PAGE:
Controversy surrounds the global dissemination of Nile tilapia (Oreochromis niloticus), reflecting tension between possible negative impacts on native fish production relative to the socio-economic benefits of Nile tilapia aquaculture. The objective of this Doctoral Dissertation Enhancement Project is to inform this global debate by quantifying the impact of Nile tilapia introduction on a native Oreochromis fishery. The central hypothesis of this case study on the Kafue River, Zambia, is that introduced O. niloticus out-compete native O. andersonii males for mates, driving directional hybridization which may alter fisheries production in the long term. Field sampling for genetic detection of hybridization coupled with competition experiments will test this hypothesis by quantitatively parameterizing models which will estimate the differences in somatic and population growth rates between parental and hybrid types.

By developing collaborative research with foreign partners, such as University of Zambia lecturer Dr. Cyprian Katongo and Zambian master's students, this project contributes to the underlying doctoral dissertation through advising, planning and experimental execution. This will be the first research to experimentally investigate ecological linkages between Nile tilapia invasion in Africa and sustainable fisheries production, thus improving the intellectual merit of the dissertation. Moreover, field sampling will extend the long term fishery dataset for the Kafue, which is essential to developing this river as a case study.

Broader impacts derive from strong collaborative partnerships with the University of Zambia, Zambian Department of Fisheries, and The World Fish Center. These partnerships ensure research will inform decisions about the introduction of Nile tilapia relative to the sustainable development of aquatic resources in Zambia and worldwide. This proposal serves as the seed for a larger collaboration and further NSF support by informing the specific design of experiments in a future proposal. Further, it provides a US graduate student the opportunity to engage in international collaborative research.

This award is being funded by NSF's Office of International Science and Engineering.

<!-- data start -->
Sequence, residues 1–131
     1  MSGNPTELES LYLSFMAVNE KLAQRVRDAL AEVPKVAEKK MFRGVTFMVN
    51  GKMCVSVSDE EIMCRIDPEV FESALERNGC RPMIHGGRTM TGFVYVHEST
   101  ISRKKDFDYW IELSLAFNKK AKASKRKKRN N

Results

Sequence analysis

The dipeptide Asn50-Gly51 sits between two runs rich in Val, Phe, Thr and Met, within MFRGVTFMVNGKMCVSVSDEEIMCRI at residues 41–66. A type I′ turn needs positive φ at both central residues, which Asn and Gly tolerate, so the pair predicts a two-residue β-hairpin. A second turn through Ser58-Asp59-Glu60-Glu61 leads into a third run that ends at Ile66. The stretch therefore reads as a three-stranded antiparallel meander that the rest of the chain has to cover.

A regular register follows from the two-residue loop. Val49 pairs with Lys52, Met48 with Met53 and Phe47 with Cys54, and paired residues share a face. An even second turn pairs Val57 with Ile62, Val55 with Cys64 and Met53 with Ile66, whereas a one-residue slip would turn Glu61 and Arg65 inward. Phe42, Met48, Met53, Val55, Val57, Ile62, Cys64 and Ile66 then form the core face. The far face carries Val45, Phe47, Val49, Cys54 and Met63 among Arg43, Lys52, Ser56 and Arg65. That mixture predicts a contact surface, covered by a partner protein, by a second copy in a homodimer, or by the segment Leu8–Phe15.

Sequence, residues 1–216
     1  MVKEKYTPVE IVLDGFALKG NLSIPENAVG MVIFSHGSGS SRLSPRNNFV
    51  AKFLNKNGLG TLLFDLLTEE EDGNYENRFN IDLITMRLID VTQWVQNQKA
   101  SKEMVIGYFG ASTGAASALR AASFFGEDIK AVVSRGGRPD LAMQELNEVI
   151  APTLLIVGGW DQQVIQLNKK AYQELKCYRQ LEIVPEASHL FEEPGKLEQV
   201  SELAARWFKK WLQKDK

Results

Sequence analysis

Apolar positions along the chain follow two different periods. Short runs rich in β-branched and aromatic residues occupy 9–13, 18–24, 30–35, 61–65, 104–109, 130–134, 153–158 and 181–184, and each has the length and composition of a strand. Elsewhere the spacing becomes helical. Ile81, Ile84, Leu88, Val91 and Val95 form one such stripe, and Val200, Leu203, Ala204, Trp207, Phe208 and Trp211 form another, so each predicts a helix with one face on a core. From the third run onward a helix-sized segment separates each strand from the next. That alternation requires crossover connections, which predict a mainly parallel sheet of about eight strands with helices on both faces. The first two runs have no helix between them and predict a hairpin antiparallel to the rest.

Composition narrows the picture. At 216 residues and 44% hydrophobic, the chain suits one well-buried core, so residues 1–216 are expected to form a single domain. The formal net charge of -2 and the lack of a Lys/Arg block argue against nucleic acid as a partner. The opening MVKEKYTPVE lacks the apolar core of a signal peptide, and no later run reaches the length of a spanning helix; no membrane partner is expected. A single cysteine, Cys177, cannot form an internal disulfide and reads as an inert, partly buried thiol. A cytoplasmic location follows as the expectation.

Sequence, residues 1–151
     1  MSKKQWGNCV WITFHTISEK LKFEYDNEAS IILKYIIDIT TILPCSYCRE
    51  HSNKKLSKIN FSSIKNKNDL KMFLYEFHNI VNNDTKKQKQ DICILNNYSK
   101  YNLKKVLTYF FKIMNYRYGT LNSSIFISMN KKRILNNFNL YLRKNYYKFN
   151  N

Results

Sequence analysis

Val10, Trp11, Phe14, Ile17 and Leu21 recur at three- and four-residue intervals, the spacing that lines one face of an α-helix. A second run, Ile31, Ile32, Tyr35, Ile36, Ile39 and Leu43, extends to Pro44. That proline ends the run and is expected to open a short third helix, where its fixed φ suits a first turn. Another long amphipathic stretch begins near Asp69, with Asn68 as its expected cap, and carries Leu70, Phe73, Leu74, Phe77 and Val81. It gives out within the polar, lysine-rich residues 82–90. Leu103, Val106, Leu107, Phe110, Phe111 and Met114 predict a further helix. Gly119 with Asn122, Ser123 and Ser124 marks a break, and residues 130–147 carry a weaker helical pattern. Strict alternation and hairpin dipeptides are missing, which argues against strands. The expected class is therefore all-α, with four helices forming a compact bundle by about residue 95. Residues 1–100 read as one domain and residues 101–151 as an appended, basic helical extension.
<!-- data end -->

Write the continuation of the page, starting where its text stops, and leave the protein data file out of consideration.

Project Report

Nile tilapia (Oreochromis niloticus) is an extremely popular food fish and is one of the most farmed fish in the world. There is controversy surrounding the global spread of Nile tilapia however, because of the potential for negative environmental impacts of Nile tilapia introduction on native fisheries relative to the socio-economic benefits of farming Nile tilapia. This project’s objective was to use field sampling and experiments focusing on a case study of Nile tilapia introduction in the Kafue River, Zambia, to help resolve this dilemma, We collected 266 total individual Oreochromis spp. from the Kafue River in close collaboration with the Zambian Department of Fisheries. These collections extend the extensive long-term data set on the Kafue River, uniquely contributing to detailed analysis of the historical trends in fishing effort, total harvest and floodplain regime critical to the sustainable economic development of Zambia. Genetic analyses of the collected specimens established that the introduced Nile tilapia is mating with the native 3-spot tilapia (O. andersonii) and producing hybrid offspring. To experimentally test the potential consequences of this hybridization for long-term fisheries sustainability, we have established stable experimental populations of both Nile tilapia and 3-spot tilapia at our facilities at the University of Notre Dame. The collaborations with Zambian partner institutions established with this project support the next generation of globally engaged and socially aware American scientists solving a multi-faceted real world problem; the tradeoff between the benefits of using introduced species in commerce and the potential productivity and other benefits of native fisheries. Results from these studies serve to support decision making around the world and in the United States where tilapia farming is being developed, and improve the efficiency of foreign aid to countries looking to fish farming for economic development and trade with the United States.

National Science Foundation (NSF)
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Osman Shinaishin
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University of Notre Dame
Notre Dame
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